Export a Gridview in iTextSharp

PDF reports are a wonderful way of delivering content to users. And there are a lot of great tools out there to create them. The tool I use the most is iTextSharp, the .Net port of the Java iText PDF creation and manipulation tool.

One the most popular controls in ASP.Net to display data is the GridView. In this entry I will discuss one method of converting a Gridview to PDF in one quite simple step. I will even discuss how to take it one step further.

The Render Method

To make it easy to convert from GridView on a web page to a GridView on PDF we will make use of the Render method on the control. The render method is the function on pretty well each ASP.Net server control that creates the HTML you see on the browser.

I can use of that method to generate PDF, and I can do it without much code!

iText XHTML Parser

Part of the wonderful toolkit that is iTextSharp (& iText) is the ability to convert XHTML to PDF. While it is not perfect this is a great way to convert a HTML output into PDF.

The Code

So now the bit you are waiting for, the code. How do you to this?

The general process is that we setup the iText HTML parsing and CSS . Then generate the HTML from the Gridview, splice in a bit of heading and footing and any other content we want on the PDF. Pass the HTML to iText and a PDF output will be created.

        Dim sw As StringWriter = New StringWriter()
        Dim hw As HtmlTextWriter = New HtmlTextWriter(sw)
        Dim frm As HtmlForm = New HtmlForm()
        sw.Write("<!DOCTYPE html PUBLIC ""-//W3C//DTD XHTML 1.0 Transitional//EN"" ""http://www.w3.org/TR/xhtml1/DTD/xhtml1-transitional.dtd\""><html><head></head><body>")
        sw.Write("<p>A Sample Grid output to PDF. IText will automatically split this over pages too</p>")
        gridView.AllowSorting = False
        gridView.AllowPaging = False
        gridView.HeaderRow.Visible = True
        gridView.BorderWidth = 0
        gridView.RenderControl(hw)
        sw.Write("<p>And that's all there is to it!</p>)
        sw.Write("</body></html>")

        Dim ms As MemoryStream = New MemoryStream()
        Dim sr As StreamWriter = New StreamWriter(ms)
        sr.Write(sw)
        sr.Flush()
        Dim ms2 As MemoryStream = New MemoryStream(ms.GetBuffer())
        ms.Close()
        Dim pdfDoc As Document = New Document()
        pdfDoc.SetPageSize(PageSize.A4)
        pdfDoc.SetMargins(10.0F, 10.0F, 24.0F, 24.0F)

That is main bulk of the code. There is lot of flipping of streams, which necessary because we write the XHTML out to a stream and then that needs to  read back in by iTextSharp.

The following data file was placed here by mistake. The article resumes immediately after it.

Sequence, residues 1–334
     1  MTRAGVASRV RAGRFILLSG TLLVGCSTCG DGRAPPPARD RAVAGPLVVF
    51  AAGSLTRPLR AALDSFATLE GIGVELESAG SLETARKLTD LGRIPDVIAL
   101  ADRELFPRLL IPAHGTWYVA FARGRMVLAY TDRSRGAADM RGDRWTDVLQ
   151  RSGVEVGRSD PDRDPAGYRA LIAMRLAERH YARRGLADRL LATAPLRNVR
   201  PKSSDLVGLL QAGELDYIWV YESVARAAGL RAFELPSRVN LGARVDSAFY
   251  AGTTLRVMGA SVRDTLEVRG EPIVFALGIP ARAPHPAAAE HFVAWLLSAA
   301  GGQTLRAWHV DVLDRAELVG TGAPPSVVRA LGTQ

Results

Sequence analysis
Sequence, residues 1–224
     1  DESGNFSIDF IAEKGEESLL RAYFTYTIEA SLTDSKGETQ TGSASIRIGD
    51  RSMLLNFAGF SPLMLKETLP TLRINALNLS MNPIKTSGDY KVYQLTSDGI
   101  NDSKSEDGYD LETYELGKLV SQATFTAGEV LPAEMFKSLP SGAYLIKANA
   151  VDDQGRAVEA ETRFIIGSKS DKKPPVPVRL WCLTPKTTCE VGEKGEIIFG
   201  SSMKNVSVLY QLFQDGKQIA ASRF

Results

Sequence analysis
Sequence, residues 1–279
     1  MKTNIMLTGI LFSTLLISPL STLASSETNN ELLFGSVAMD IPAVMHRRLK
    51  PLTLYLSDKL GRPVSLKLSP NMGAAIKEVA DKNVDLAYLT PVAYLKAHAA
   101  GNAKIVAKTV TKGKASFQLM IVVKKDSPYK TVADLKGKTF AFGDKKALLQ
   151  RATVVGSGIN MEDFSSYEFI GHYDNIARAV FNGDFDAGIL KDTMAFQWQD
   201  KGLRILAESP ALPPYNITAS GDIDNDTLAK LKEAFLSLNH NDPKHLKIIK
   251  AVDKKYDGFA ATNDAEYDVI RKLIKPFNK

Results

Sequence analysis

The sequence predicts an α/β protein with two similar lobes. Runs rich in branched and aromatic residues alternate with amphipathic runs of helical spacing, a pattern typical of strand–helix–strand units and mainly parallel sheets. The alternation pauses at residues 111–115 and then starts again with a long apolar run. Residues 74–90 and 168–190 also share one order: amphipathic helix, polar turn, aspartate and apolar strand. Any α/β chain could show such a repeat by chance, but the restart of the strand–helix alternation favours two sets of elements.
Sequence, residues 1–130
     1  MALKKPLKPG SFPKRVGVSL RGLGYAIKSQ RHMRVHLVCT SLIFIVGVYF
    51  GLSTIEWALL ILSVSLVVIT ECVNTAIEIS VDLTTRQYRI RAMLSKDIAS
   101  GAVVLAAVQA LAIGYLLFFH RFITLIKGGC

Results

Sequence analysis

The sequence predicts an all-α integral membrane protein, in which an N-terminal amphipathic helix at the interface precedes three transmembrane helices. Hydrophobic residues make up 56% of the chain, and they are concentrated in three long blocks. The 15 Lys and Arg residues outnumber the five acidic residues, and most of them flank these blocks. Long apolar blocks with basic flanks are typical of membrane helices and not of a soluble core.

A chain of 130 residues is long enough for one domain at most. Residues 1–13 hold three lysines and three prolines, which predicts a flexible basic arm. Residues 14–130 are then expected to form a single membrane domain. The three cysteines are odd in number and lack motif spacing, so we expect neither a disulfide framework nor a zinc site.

We then need to create the iTextSharp XHtml parser. In the later versions of iTextSharp there is a new properly maintained XHTML parser. Do be sure do use this one rather than the older simpleparser

   Private Shared Function CreateXMLParser(ByVal pRequest As HttpRequest, ByVal pdfDoc As Document, ByVal pdfWriter As PdfWriter) As XMLParser
        Dim htmlContext As HtmlPipelineContext = New HtmlPipelineContext(Nothing)
        htmlContext.SetTagFactory(Tags.GetHtmlTagProcessorFactory())
        htmlContext.SetImageProvider(New myAbstractImageProvider(pRequest))

        Dim cssResolver As ICSSResolver = XMLWorkerHelper.GetInstance().GetDefaultCssResolver(False)

        Dim pipeline As IPipeline = New CssResolverPipeline(cssResolver, New HtmlPipeline(htmlContext, New PdfWriterPipeline(pdfDoc, pdfWriter)))
        Dim worker As XMLWorker = New XMLWorker(pipeline, True)
        Dim p As XMLParser = New XMLParser(worker)
        ' add in CSS
        Dim CSSstrm As StreamReader = New StreamReader(pRequest.MapPath("/Styles/mystyles.css"))
        cssResolver.AddCss(XMLWorkerHelper.GetCSS(CSSstrm.BaseStream))
        Return p
    End Function

Now that is done, and using a CSS of my creating ( A bit about that below). We then parse the stream through and return the PDF created as the response

        Response.Clear()
        Response.ContentType = "application/pdf"

        Response.AddHeader("content-disposition", "attachment;filename=Export.pdf")
        Response.Cache.SetCacheability(HttpCacheability.NoCache)

        pdfDoc.Open()

        Dim xmlwrk As XMLParser = CreateXMLParser(Request, pdfDoc, pdfa)
        xmlwrk.Parse(ms2)

        pdfa.Flush()
        pdfDoc.Close()
        Response.End()

There is a caveat to all this and that is that iTextSharp is not yet up to HTML 5 and the CSS handling is basic. iTextSharp doesn’t understand CSS ¬†features like:

        div.TBL table tr {
            border-left: 2px solid red;
        }

You will need to specify a class on the tr element to get this to work by iTextSharp.

Conclusion

And that’s all there is to it.

This is greatly simplified the output to a grid to PDF and thanks to the gridview render method. You can, ofcourse, do it yourself if you have advanced needs. And in a further post I will show how you can splice in your own rows into a gridview output.

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